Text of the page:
The primary advantage of a sole proprietorship is that it’s easy to run. Other than keeping track of your income and expenses to know if you’re making or losing money, there are not a lot of record-keeping requirements for a sole proprietorship.

It’s easy to file income taxes as a sole proprietor. You don’t have to file a separate return for your business. You just tally up your business’s profit or loss at the end of the year and file it with your personal income tax return.

For the first year of your business, because business is usually uneven and you might be losing money, you can typically pay taxes on your profits at the end of the year. If your business is just a side gig, increasing your W-2 withholdings for your main job can work, at least for a while.

Once you start to make regular money, even if you’re just in your first year, you’ll need to pay estimated quarterly taxes.

Calculating estimated taxes can get complicated. Fortunately, software like QuickBooks Self-Employed or similar help a lot and don’t cost too much to get. These software are especially useful if your income is uneven. They can help you not over or under pay.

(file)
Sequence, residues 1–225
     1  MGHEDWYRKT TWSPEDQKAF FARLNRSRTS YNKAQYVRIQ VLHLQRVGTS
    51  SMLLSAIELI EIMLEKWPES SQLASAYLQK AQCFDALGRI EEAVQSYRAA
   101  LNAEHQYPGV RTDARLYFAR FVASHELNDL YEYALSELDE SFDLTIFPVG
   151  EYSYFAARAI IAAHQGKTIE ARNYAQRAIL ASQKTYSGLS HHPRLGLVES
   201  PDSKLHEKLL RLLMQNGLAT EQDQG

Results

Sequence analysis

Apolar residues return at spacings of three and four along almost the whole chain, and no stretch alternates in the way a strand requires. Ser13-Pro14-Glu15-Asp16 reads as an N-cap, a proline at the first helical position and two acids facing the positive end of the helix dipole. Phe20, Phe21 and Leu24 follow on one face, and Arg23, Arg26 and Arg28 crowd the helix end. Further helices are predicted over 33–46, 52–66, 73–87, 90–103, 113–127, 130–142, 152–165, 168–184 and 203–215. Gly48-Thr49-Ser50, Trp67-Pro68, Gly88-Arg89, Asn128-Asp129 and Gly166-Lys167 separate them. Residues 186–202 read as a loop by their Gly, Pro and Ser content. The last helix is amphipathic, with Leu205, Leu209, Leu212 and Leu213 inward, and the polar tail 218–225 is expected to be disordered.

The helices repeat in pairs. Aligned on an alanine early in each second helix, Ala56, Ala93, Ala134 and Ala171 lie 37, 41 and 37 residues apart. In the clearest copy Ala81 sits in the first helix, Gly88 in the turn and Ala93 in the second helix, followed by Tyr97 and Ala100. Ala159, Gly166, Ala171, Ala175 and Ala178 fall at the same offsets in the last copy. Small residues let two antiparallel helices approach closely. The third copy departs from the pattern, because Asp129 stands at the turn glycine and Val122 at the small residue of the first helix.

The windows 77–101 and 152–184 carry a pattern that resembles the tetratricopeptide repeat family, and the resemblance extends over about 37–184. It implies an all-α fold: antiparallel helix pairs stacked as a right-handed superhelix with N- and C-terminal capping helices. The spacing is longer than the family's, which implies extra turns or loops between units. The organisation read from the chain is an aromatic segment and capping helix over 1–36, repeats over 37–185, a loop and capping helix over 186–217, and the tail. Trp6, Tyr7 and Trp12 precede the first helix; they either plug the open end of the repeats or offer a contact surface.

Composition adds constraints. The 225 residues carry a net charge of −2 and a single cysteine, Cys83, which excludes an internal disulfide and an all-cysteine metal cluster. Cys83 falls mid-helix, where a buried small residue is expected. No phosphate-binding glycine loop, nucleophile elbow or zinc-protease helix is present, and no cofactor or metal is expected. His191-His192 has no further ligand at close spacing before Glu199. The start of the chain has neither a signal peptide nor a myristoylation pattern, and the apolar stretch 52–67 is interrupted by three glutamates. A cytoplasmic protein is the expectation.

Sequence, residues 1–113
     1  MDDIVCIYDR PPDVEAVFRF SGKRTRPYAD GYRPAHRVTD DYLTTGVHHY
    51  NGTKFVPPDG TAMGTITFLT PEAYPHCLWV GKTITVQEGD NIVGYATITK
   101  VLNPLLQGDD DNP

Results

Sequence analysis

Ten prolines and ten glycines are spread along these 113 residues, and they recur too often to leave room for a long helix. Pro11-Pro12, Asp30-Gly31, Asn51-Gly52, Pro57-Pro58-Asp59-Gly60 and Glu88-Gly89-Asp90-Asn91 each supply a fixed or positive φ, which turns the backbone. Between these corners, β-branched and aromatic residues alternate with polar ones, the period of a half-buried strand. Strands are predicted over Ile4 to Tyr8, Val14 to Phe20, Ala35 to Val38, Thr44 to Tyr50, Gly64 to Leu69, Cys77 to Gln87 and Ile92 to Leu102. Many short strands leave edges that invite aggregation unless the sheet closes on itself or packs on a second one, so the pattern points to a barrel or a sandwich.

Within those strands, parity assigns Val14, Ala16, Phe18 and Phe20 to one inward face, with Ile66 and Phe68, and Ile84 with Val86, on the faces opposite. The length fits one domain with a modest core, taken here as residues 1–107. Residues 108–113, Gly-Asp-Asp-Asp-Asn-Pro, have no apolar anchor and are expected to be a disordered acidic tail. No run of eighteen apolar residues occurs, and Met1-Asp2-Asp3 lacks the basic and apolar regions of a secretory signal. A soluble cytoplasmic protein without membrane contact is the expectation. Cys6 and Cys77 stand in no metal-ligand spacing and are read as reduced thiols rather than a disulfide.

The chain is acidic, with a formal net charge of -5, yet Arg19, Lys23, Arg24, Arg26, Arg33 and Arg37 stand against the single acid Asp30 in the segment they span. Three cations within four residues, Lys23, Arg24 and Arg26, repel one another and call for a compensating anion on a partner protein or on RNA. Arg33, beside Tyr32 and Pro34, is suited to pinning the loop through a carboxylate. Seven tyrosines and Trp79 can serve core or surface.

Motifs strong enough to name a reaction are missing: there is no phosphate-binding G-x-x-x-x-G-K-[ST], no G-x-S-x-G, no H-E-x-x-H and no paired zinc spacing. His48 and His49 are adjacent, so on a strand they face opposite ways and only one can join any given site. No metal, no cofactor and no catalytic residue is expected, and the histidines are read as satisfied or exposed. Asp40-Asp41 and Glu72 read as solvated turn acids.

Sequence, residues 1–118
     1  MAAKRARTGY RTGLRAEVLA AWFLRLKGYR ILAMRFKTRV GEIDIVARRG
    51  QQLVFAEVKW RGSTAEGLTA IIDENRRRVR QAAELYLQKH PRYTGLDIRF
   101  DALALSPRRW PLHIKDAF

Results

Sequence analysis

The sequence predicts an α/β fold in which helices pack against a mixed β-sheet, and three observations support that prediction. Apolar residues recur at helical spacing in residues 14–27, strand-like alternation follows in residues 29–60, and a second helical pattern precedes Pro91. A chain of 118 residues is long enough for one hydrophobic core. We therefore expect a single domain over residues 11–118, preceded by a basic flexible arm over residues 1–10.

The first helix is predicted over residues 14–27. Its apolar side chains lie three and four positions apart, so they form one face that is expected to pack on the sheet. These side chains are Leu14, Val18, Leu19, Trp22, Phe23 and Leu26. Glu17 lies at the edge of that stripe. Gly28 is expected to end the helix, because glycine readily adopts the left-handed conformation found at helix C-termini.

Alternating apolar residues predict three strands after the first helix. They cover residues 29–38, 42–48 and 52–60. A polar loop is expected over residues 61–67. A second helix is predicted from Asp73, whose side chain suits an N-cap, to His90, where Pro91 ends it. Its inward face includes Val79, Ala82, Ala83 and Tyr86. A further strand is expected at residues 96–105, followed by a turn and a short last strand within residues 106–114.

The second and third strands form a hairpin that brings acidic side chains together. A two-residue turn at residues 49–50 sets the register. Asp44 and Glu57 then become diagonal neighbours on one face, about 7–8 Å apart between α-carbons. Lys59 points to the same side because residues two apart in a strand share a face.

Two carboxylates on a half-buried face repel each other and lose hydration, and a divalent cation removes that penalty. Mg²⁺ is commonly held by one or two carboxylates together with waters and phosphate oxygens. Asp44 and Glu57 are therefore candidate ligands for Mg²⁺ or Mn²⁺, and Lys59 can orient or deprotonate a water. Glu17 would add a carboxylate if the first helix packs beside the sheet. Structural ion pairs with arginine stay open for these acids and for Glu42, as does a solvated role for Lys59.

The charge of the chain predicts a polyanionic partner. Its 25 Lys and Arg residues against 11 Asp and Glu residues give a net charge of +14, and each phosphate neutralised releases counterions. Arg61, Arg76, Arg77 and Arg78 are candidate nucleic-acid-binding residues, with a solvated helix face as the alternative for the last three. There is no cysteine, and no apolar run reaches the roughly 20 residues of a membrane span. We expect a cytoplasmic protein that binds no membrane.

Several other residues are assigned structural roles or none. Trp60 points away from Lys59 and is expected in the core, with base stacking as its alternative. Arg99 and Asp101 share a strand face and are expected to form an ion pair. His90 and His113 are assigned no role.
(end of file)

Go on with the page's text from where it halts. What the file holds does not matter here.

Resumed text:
The Cons of a Sole Proprietorship

The biggest disadvantage of a sole proprietorship is that you’re personally responsible for all business liability. This means that if you borrow money for your business, you’re personally liable; if you break something of your customer’s while on the job, you’re personally liable; if you make a widget that ends up putting your customers in the hospital, you’re personally liable. Everything you own would be on the line.

Of course, you can limit your liability by buying business insurance. However, if the insurance refuses to pay or paid up to the limit, you’re on the hook for the rest.